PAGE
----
Cardinal Keith O’Brien, Catholic Archbishop of St Andrews and Edinburgh, recently spoke out against government plans to double overseas aid to Pakistan to more than £445 million, without requiring any commitment to religious freedom for Christians. The Cardinal has said that conditions should be attached to any aid payments requiring a definite commitment to protection for Christians and other religious minorities, including Shia Muslims.
Writing to the Cardinal, Abba Seraphim told him that he believed this was a fair requirement, as the Coalition government,”appears to give little prominence to the plight of Christian minorities abroad, which is disappointing. Following the papal visit last year I had some hope that Pope Benedict’s message was being listened to by the government. Indeed, many Christians here felt that His Holiness was speaking for us all when he addressed issues about the role of Christians in our society and the need for the government to consider them.
After the bombing of the Coptic Church in Alexandria in January, many people were surprised and disappointed at the tardiness with which our government responded, especially when forceful statements about the Christian minority in Egypt were being made by other world leaders. One fears that the Prime Minister’s concerns when he visited Egypt recently would not have included the plight of the Christian minority.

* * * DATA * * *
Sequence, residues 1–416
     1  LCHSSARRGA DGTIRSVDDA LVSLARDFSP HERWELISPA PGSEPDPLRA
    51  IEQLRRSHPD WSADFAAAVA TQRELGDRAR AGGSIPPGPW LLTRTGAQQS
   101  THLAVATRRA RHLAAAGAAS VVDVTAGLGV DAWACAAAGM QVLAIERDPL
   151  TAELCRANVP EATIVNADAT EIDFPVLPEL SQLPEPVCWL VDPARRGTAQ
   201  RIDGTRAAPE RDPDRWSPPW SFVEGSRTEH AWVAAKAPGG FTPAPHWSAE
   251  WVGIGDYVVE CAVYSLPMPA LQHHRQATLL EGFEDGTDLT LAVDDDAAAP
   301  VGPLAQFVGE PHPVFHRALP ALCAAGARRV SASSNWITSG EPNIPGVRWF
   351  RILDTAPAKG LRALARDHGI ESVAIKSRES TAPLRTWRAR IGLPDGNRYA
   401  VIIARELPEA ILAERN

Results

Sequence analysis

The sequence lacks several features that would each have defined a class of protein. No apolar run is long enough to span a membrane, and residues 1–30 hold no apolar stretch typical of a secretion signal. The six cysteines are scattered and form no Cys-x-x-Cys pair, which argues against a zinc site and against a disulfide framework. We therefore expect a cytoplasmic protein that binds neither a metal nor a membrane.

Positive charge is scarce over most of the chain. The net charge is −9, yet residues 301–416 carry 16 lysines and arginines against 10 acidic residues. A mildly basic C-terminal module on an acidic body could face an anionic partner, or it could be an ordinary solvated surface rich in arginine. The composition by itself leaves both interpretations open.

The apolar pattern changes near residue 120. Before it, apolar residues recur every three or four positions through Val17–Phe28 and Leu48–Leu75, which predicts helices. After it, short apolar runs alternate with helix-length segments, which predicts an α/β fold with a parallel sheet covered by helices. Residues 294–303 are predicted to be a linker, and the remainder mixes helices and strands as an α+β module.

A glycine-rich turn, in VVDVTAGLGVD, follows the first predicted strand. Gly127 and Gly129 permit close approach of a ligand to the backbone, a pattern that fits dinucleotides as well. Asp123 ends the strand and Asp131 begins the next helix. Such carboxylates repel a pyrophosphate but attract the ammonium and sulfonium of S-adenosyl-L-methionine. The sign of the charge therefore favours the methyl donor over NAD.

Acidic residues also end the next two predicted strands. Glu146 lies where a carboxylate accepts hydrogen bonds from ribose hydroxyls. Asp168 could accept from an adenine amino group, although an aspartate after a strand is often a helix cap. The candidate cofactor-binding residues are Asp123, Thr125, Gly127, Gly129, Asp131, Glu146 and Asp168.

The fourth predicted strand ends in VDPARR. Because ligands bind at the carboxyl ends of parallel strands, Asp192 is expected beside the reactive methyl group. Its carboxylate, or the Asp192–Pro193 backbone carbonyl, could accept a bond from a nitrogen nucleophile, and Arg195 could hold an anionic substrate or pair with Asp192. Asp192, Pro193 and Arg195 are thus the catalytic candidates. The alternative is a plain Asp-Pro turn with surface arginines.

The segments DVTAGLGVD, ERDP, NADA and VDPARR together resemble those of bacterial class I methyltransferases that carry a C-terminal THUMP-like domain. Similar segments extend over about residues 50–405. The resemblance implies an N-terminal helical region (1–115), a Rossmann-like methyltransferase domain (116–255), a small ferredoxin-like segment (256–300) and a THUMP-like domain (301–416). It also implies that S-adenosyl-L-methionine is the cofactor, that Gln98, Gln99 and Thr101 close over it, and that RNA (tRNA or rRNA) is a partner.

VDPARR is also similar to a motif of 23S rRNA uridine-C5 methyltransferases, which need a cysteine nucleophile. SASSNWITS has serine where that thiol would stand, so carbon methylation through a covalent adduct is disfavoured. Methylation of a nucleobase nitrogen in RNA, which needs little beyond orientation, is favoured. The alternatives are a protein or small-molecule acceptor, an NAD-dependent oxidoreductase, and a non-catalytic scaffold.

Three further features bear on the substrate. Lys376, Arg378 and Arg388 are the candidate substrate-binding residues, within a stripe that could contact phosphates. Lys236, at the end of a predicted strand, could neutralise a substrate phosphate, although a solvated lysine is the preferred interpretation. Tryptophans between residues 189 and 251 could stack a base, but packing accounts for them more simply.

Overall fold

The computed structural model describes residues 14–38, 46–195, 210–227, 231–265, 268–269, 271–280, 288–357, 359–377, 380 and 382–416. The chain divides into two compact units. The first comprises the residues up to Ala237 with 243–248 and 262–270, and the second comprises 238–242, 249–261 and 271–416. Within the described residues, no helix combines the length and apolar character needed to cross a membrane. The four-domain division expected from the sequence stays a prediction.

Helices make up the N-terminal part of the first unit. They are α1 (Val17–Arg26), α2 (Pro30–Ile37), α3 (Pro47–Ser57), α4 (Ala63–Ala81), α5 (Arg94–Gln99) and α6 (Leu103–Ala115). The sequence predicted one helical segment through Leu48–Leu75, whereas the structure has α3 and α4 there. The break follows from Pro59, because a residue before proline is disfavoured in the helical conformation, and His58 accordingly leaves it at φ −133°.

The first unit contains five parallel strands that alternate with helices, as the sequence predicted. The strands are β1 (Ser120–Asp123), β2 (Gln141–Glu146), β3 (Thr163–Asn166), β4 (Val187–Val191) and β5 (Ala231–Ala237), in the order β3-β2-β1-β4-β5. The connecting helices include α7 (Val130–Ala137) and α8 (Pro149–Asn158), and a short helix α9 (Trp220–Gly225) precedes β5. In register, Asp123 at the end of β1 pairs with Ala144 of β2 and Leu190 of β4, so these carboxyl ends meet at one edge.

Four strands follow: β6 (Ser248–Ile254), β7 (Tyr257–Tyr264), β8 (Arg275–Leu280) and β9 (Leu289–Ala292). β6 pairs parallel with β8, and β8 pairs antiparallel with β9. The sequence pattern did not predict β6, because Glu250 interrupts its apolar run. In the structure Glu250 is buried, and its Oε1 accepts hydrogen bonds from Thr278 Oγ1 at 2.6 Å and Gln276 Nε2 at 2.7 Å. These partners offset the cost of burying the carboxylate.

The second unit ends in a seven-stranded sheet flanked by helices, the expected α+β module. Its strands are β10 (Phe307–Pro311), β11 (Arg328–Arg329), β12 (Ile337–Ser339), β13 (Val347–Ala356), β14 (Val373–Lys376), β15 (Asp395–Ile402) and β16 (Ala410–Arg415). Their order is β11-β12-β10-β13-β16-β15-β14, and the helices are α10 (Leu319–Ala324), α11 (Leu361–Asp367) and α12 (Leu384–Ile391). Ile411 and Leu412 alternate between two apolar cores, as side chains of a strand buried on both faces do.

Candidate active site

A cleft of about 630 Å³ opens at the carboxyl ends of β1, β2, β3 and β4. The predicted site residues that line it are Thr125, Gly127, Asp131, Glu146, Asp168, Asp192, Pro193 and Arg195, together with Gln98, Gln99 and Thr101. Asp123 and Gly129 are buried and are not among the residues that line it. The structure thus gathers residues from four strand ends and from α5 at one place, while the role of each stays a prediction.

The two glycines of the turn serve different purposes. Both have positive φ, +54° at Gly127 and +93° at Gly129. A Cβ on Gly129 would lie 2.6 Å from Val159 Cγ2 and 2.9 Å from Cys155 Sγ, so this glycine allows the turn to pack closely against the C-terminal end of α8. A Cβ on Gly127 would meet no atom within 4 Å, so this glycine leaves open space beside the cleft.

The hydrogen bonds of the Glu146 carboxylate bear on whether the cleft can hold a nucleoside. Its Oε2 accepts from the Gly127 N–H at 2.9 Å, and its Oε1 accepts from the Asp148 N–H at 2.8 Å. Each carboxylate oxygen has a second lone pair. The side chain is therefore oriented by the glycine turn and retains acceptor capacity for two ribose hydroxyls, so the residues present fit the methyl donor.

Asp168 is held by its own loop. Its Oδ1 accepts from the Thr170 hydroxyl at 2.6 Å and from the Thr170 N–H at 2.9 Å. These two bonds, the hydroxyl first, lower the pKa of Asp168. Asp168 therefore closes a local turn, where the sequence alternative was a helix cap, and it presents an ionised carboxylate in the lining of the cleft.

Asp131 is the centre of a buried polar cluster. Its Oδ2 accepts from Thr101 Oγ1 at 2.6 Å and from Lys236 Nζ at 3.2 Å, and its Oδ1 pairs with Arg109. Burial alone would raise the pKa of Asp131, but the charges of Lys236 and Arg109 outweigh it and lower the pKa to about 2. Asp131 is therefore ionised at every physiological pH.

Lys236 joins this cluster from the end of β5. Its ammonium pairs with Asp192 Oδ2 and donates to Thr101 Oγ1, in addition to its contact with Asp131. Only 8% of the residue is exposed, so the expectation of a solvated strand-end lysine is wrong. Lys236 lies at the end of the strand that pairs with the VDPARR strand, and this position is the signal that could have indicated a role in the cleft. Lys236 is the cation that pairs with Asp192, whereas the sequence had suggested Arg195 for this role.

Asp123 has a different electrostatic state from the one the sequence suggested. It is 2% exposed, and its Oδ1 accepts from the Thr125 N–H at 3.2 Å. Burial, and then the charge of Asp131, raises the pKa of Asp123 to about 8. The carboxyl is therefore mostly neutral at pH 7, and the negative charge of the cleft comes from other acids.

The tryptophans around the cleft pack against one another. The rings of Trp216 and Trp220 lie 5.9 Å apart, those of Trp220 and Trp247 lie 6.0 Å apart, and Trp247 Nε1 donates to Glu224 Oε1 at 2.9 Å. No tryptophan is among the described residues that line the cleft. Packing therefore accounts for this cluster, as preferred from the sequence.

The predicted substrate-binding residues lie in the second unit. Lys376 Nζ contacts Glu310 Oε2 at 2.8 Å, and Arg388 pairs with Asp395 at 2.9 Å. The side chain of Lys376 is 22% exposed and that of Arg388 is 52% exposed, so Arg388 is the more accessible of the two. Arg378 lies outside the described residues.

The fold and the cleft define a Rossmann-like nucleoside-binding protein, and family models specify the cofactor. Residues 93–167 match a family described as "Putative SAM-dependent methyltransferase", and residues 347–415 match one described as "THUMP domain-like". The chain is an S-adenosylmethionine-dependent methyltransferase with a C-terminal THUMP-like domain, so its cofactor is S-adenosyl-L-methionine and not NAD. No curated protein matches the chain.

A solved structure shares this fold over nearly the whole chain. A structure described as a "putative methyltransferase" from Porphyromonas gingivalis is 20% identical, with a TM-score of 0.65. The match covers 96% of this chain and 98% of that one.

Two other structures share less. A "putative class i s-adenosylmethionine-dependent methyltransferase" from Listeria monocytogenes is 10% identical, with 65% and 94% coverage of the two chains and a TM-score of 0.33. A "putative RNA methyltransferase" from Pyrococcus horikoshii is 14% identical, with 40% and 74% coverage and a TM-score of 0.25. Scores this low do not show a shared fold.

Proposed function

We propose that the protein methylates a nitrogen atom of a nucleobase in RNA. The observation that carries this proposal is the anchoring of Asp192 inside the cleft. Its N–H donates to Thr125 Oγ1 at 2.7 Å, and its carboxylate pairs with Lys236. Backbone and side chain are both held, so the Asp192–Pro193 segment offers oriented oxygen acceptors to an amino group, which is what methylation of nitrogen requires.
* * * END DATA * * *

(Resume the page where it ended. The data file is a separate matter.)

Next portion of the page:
Mr Cameron recently warned that time is running out to to halt the consolidation of the Gadaffi regime following the revolution in Libya. In this case we have pressed for financial, economic and political sanctions to protect the civil rights of the protesters against an iniquitous autocracy. We recognise that we cannot intervene directly in the affairs of other sovereign states, so we use other means at our disposal to apply pressure for change or reform. Sadly, we have done very little to support Christian minorities in countries such as Iraq and Afghanistan, where British forces and finance underpin the current governments. I am also concerned that recently President Karzai has instigated severe measures against Christian converts and that we have not intervened politically to prevent this.